The Orlando Museum of Art (OMA), which has been in crisis mode since the FBI raided the institution in June 2022 and seized an exhibition of suspected Jean-Michel Basquiat forgeries, is now in financial peril.
Expenses including ongoing legal action against the museum’s former executive director and those who provided the allegedly fake Basquiats, plus paying for the services of a crisis communications firm, are expected to leave the OMA with a $835,000 deficit for the current fiscal year ending in June, current executive director Cathryn Mattson recently told The New York Times. For a museum with a $4m annual operating budget and endowment of $4m, the present situation constitutes a “significant cash shortfall”, she said.
“Within a year’s time we had a 25% increase in unbudgeted expenses,” Mattson told a gathering of important donors and trustees shortly before Christmas. She added that the institution’s cash reserves were “nearing exhaustion level and that has been our cushion. We have also exhausted our lines of credit and have loans”.
Fundraising amid the crisis has proved challenging. Mattson said that some of “the museum’s trustees have stepped up by doubling or increasing their contributions to bridge this liquidity crunch”. However, a recent meeting with three of the Orlando region’s leading philanthropists concluded with “no dollar outcome” committed to shore up the OMA’s finances. And while some trustees may be increasing their giving, other patrons have ceased their support. Two months after the FBI raid, several trustees claimed they were dismissed from their roles in retaliation for criticising the handling of the crisis; museum spokespersons asserted leadership had merely enforced term limits.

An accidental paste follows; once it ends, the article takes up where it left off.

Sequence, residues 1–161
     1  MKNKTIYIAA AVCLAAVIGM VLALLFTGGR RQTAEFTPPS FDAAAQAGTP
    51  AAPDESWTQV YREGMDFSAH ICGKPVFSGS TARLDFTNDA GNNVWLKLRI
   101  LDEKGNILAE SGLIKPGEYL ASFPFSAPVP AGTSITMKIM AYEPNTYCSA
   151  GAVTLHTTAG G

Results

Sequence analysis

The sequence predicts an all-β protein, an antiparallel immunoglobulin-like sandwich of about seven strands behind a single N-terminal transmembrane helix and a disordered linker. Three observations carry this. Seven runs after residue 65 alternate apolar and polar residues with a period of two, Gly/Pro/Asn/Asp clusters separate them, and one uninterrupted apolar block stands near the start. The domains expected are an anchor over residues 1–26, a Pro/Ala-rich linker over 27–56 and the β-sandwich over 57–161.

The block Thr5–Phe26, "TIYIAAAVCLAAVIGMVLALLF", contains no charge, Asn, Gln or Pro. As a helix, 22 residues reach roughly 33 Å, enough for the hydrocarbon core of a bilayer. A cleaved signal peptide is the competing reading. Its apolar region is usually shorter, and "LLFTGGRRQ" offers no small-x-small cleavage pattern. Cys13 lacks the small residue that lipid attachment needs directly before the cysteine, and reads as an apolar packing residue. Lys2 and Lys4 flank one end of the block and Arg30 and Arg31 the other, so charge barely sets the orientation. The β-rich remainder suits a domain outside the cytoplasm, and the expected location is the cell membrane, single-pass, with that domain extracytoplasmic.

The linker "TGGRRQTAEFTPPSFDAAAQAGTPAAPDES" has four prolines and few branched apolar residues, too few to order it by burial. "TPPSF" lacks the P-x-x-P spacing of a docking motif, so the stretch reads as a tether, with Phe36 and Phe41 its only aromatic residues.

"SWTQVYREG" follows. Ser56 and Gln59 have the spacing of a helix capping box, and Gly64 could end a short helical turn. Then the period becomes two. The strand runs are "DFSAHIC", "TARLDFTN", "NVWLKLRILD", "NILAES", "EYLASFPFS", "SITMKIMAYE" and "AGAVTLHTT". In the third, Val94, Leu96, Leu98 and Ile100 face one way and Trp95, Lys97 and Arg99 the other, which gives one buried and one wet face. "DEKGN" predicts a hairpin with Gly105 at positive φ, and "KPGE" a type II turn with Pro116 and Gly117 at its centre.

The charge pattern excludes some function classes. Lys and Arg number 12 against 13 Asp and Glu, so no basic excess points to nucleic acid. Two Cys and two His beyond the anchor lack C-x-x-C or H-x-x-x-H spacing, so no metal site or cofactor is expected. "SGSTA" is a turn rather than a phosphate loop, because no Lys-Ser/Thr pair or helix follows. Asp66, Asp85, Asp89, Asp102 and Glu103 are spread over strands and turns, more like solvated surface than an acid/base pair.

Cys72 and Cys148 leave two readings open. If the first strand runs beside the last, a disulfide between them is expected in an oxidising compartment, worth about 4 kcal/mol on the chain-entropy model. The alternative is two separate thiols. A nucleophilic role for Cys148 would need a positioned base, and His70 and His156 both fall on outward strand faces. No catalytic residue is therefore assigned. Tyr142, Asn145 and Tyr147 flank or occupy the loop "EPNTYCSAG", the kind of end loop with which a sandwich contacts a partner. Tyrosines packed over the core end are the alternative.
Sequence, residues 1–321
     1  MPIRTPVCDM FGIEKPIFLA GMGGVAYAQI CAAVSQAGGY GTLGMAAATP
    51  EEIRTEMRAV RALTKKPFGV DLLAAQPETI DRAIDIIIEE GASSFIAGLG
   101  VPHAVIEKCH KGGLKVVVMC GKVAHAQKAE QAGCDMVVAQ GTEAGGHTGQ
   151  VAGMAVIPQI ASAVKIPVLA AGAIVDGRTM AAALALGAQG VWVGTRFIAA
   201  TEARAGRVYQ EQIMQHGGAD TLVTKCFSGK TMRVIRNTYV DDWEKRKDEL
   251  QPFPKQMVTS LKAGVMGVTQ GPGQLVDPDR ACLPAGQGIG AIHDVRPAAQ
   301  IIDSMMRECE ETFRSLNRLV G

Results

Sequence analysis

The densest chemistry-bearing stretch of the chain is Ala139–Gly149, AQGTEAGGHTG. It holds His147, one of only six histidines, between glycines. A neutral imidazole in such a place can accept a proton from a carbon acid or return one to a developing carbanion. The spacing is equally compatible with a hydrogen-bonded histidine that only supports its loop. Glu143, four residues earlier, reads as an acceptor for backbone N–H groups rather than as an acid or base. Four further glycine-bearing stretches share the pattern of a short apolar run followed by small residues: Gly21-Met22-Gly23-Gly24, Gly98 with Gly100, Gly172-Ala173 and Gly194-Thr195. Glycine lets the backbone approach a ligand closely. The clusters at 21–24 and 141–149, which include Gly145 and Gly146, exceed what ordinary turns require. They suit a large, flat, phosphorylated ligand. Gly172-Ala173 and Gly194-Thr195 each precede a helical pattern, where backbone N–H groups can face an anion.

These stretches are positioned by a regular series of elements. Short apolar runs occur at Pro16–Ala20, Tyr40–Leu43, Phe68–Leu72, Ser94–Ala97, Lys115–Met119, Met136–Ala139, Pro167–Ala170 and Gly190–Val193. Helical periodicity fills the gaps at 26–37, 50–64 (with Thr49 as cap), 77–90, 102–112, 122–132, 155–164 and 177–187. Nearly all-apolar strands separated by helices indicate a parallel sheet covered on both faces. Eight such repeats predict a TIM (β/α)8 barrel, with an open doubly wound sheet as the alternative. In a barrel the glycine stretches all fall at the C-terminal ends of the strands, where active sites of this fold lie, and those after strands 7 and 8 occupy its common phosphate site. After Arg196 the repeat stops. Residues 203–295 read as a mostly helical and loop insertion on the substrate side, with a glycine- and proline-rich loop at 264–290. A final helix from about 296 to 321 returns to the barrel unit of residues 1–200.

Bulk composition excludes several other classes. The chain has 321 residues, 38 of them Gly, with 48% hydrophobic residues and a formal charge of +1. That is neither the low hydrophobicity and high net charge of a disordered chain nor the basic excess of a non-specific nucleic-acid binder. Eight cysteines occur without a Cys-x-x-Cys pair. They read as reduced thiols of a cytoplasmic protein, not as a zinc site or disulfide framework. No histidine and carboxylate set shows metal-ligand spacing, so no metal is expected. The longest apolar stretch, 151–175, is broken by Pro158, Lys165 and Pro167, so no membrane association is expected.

Most recently, the Times report reveals, a former member of the OMA’s Acquisition Trust board, Fiorella Escalon, was dismissed after launching an online petition titled “Save the Orlando Museum of Art”. “The reason why I went public, is if I don’t say anything, the museum is just going to go under,” Escalon told the Times. “And everybody will say, ‘Oh yeah, we should have done something.’ But nobody did.”
Beyond its mounting deficit for the current fiscal year, the museum expects it will spend another $500,000 in legal fees to bring its lawsuit against former executive director Aaron de Groft and the creators of the disputed Basquiat works—former auctioneer Michael Barzman and an unnamed third defendant—to trial in autumn 2025.
Barzman, who admitted last spring that he and an accomplice had made the works with the intention of passing them off as authentic Basquiats, was ordered last August to pay a fine, do community service and serve probation. De Groft, who maintains that the Basquiats are genuine and he was unjustly dismissed, is countersuing.
A spokesperson for the OMA did not immediately respond to The Art Newspaper's request for comment about the institution's financial situation.